Open Editor's Digest for free
FT editor Roula Khalaf picks her favorite stories in this weekly newsletter.
Japan has sent 10,000 of its military forces to rescue and relief efforts after a powerful earthquake struck the west coast on New Year's Day, killing at least 55 people and injuring dozens.
Prime Minister Fumio Kishida said on Tuesday that authorities were in a “war against time” to respond to the emergency, as tsunami warnings from the day and the previous night were lifted to allow a more complete picture of the disaster.
“We are going to continue our efforts overnight to ensure that we can get the necessary supplies and personnel to those areas by fully mobilizing not only ground transportation, but also air and sea,” Kishida said.
Rescuers searched for survivors in the seven-story building that collapsed on its side, as well as the remains of more than 100 houses that caught fire after the earthquake and its aftermath.
Their efforts have been hampered by significant damage to roads and other infrastructure, particularly in the worst-hit area of the Noto Peninsula in central Japan.
Officials said 55 people had died in the worst-hit Ishikawa prefecture. 20 of them died in the city of Suzu, 24 in the city of Wajima, where a large fire broke out at a market popular with tourists.
“Our city is in a state of disaster,” said Suzu's mayor, Masahiro Izumiya. “Water and electricity have been cut off in the entire area and we are worried that the situation will continue for a long time.”
Aerial footage from Japanese media showed large landslides, collapsed coastal roads, fallen trees and a long defensive sea wall in a port city that appeared to have collapsed during Monday's tsunami.
Other images showed smoke billowing from flattened wooden houses, flooded streets and dozens of overturned boats across an area that is largely unindustrialized but has a significant fishing fleet.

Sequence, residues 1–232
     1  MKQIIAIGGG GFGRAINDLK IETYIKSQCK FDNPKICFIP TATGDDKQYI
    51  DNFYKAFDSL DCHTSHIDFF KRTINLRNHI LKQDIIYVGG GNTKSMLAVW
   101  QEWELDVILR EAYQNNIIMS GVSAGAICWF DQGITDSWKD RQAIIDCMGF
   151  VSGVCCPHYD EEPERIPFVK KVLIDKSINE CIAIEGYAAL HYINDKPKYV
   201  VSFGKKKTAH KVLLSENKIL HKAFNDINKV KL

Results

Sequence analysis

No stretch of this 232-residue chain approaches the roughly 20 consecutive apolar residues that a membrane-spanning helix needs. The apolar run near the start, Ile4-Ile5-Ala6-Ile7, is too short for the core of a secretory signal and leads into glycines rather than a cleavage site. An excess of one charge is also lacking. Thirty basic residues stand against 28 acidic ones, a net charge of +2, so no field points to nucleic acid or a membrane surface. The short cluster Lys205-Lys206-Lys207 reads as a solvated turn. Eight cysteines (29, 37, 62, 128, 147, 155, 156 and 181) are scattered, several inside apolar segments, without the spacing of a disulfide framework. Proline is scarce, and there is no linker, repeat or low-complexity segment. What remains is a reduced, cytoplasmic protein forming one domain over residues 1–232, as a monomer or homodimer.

The first earthquake, measuring 7.6 on the Richter scale, struck Noto in Ishikawa Prefecture on Monday afternoon. It caused tsunami waves about 1 meter high along Japan's west coast, prompting residents to flee to higher ground and leave their homes without access to electricity, water and mobile service.
Nearly 200 aftershocks further complicated efforts to restore power and other infrastructure. Tens of thousands of residents in Ishikawa are housed in school gymnasiums and other public buildings.
The earthquake struck during Japan's busy holiday season, when families celebrate the New Year with large family gatherings. Train service has been disrupted and Noto Airport, near the epicenter, will remain closed until at least Thursday, officials said.
More than 33,000 homes in the prefecture were without power on Tuesday, according to the Hokuriku Electric Power Company. As many were left without water, people relied on water trucks and emergency tanks.
Ishikawa has a population of 1.1 million, with a high proportion of elderly people. Many of its cities and villages are surrounded by Japan's estimated 10 million vacant homes, many of which are in severe disrepair and at risk of further collapse.
“Friend of animals everywhere. Devoted analyst. Total alcohol scholar. Infuriatingly humble food trailblazer.”